Biden’s Path To $1.9 Trillion Stimulus Still Unclear As GOP Resists Spending
In his first week in office, the path of Biden’s top legislative priority—a sweeping $1.9 trillion stimulus package—is still unclear as he faces resistance from some in the GOP and begins work on bringing congressional lawmakers on board with his priorities.
White House press secretary Jen Psaki told reporters Wednesday that Biden will continue to meet with congressional lawmakers of both parties to discuss his ambitious spending package, and added that while Biden’s “clear preference” is to pass a bipartisan bill, “we’re also not going to take any tools off the table.”
Top Biden advisor Brian Deese, head of the National Economic Council, also has plans to meet with a bipartisan group of lawmakers in the coming days to drum up support for Biden’s $1.9 trillion plan, Bloomberg reported Thursday.
That plan has already encountered resistance among leaders in the GOP: Sen. Roy Blunt (R-Mo.) called the plan a “non-starter” (though he did note that the plan includes some elements that Republicans back), Politico’s Burgess Everett reported; and Sen. Mitt Romney (R-Utah) said Wednesday that he’s “not looking for a new program in the immediate future” since Congress passed a $900 billion relief bill just last month.
If the Biden administration cannot muster up enough Republican support to pass the relief plan under normal rules, Democrats can pass it through budget reconciliation rules—those only require a simple majority but that approach will likely mean Biden will need to slim down his ask to keep conservative Democrats like Joe Manchin (D-W.Va.) happy.
That could spell significant changes to the proposals Biden laid out last week, and some in the House are even considering passing an immediate deal with stimulus checks and vaccine money to get at least some relief out ahead of a follow-up package with the rest of Biden’s asks, Punchbowl News reported.
During a press briefing Thursday, House Speaker Nancy Pelosi (R-Calif.) said Democrats would work on coronavirus relief next week in committees to be “completely ready to go to the floor” when the House returns to session in the first week of February, but it isn’t clear what outcome, or what kind of relief bill, that committee work will produce.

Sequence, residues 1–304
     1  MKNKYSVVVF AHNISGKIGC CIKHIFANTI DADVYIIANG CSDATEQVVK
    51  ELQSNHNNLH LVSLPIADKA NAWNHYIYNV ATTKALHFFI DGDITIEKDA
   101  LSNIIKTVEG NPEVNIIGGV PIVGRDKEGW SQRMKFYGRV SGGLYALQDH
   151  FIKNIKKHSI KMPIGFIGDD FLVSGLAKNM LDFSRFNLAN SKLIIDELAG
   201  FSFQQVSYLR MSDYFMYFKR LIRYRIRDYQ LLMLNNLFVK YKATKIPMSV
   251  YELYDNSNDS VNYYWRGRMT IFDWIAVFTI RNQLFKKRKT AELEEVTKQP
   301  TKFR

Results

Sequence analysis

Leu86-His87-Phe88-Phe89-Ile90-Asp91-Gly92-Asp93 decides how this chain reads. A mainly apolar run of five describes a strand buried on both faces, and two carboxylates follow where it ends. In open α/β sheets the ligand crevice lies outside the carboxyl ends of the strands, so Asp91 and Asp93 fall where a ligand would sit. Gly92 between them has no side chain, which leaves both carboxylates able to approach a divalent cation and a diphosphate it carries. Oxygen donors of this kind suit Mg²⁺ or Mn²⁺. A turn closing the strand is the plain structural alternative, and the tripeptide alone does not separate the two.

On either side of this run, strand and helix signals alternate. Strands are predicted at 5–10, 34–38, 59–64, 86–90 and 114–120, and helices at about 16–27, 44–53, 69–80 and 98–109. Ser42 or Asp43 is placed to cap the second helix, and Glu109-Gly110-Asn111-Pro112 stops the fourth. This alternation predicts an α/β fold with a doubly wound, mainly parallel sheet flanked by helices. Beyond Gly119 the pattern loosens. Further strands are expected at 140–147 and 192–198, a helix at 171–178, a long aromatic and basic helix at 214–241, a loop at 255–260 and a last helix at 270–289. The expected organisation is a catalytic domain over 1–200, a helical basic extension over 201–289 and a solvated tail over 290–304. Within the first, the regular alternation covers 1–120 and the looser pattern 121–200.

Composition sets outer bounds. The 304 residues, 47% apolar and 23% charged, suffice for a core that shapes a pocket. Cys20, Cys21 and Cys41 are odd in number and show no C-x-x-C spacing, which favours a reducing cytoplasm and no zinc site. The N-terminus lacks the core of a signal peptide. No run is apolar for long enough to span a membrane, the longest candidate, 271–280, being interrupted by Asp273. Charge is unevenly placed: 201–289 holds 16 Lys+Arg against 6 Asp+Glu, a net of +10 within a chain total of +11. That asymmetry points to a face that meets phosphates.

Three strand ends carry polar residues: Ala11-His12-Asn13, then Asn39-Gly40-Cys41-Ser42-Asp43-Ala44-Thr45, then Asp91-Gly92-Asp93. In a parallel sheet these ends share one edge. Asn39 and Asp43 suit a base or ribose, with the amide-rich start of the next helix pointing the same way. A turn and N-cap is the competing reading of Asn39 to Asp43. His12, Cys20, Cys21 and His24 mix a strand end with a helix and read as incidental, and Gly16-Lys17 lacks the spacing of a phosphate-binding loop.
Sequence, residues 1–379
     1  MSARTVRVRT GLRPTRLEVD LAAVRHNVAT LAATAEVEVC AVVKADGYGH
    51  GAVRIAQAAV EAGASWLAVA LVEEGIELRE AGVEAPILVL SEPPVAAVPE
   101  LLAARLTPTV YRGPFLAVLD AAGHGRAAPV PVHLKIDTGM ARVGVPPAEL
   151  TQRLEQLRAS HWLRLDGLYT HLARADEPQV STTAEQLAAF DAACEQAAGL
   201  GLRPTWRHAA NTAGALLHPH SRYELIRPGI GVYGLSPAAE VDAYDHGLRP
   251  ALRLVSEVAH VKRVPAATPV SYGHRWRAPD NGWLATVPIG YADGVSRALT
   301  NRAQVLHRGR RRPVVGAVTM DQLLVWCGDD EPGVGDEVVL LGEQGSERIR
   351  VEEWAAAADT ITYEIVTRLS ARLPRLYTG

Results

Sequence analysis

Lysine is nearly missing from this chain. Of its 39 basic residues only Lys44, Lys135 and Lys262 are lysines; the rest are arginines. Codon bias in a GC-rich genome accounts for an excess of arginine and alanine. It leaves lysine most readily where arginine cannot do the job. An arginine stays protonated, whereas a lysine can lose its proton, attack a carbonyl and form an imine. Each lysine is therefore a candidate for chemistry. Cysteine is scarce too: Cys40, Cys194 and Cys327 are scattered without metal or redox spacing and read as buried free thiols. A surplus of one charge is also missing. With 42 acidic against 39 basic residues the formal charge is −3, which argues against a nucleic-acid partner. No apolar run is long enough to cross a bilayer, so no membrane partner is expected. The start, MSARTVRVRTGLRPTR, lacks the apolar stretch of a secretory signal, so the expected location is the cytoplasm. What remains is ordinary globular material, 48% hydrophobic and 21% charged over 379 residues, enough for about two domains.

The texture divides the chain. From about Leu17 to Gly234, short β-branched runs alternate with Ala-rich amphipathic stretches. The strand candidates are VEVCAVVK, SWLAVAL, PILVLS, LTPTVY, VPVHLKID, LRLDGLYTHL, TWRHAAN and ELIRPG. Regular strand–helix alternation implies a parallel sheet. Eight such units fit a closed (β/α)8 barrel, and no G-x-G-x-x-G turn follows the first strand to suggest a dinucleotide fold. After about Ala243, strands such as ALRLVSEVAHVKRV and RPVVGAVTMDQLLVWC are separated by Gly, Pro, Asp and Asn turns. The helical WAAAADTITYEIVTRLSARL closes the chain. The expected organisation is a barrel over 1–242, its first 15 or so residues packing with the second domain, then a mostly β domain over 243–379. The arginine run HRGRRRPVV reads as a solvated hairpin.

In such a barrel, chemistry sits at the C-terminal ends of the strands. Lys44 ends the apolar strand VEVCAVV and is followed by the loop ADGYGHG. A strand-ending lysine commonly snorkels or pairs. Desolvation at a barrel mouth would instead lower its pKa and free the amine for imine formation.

900,000. That’s how many Americans filed new claims for state unemployment benefits last week, according to data released Thursday by the Labor Department—slightly fewer than the previous week’s claims but still incredibly high by historical standards.
“This morning’s report on new unemployment claims is another stark reminder that we must act now on the President’s American Rescue Plan to get immediate relief to families and spur our economy,” Nationwide Economic Council director Brian Deese said in a statement Thursday. “It’s critical that Congress act quickly on the President’s proposals and provide relief for families in need.”
Biden’s plan would follow the five coronavirus relief bills that have already authorized some $3.5 trillion in legislative spending to combat the pandemic.It would include another round of stimulus checks at $1,400 (to boost the last round from $600 to $2,000), expanded federal enhanced unemployment benefits to $400 per week through September, and more assistance for small businesses. Some provisions—like a $15-per-hour national minimum wage and another $350 billion in state and local aid—are sure to prompt opposition from Republicans while others—like a major expansion of the child tax credit—have significant bipartisan support.
Another 900,000 Americans Filed For Unemployment Last Week As Biden Preps Major Stimulus Push (Forbes)
Don’t Hold Your Breath For Biden’s Big Stimulus Plan—Here’s Why Some Of It Might Be Delayed (Forbes)
Biden Is Inheriting One Of The Worst Economies In Recent History—These 5 Numbers Show How Much He Needs To Fix (Forbes)
Janet Yellen Wants Lawmakers To ‘Act Big’ On Stimulus (Forbes)